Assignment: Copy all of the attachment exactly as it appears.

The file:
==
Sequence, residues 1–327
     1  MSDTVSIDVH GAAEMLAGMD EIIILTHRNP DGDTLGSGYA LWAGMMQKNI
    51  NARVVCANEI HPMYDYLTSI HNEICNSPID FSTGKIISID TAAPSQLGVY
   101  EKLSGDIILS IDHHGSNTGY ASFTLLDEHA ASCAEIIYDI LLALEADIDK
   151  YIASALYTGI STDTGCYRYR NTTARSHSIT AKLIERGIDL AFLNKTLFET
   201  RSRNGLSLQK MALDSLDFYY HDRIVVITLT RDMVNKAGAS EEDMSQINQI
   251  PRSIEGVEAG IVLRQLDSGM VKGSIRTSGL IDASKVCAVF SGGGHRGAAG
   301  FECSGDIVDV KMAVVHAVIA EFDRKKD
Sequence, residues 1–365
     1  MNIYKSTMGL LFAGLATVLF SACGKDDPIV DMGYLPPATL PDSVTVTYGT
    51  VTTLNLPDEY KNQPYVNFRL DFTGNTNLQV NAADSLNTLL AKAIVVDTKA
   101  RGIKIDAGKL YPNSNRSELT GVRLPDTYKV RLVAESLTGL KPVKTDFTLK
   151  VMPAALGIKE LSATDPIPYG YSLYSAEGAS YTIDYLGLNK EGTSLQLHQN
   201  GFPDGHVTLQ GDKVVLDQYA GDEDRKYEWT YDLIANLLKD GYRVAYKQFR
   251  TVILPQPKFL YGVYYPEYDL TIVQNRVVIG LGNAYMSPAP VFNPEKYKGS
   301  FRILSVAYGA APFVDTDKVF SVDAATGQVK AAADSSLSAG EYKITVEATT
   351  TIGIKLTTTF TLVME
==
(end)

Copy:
Sequence, residues 1–327
     1  MSDTVSIDVH GAAEMLAGMD EIIILTHRNP DGDTLGSGYA LWAGMMQKNI
    51  NARVVCANEI HPMYDYLTSI HNEICNSPID FSTGKIISID TAAPSQLGVY
   101  EKLSGDIILS IDHHGSNTGY ASFTLLDEHA ASCAEIIYDI LLALEADIDK
   151  YIASALYTGI STDTGCYRYR NTTARSHSIT AKLIERGIDL AFLNKTLFET
   201  RSRNGLSLQK MALDSLDFYY HDRIVVITLT RDMVNKAGAS EEDMSQINQI
   251  PRSIEGVEAG IVLRQLDSGM VKGSIRTSGL IDASKVCAVF SGGGHRGAAG
   301  FECSGDIVDV KMAVVHAVIA EFDRKKD
Sequence, residues 1–365
     1  MNIYKSTMGL LFAGLATVLF SACGKDDPIV DMGYLPPATL PDSVTVTYGT
    51  VTTLNLPDEY KNQPYVNFRL DFTGNTNLQV NAADSLNTLL AKAIVVDTKA
   101  RGIKIDAGKL YPNSNRSELT GVRLPDTYKV RLVAESLTGL KPVKTDFTLK
   151  VMPAALGIKE LSATDPIPYG YSLYSAEGAS YTIDYLGLNK EGTSLQLHQN
   201  GFPDGHVTLQ GDKVVLDQYA GDEDRKYEWT YDLIANLLKD GYRVAYKQFR
   251  TVILPQPKFL YGVYYPEYDL TIVQNRVVIG LGNAYMSPAP VFNPEKYKGS
   301  FRILSVAYGA APFVDTDKVF SVDAATGQVK AAADSSLSAG EYKITVEATT
   351  TIGIKLTTTF TLVME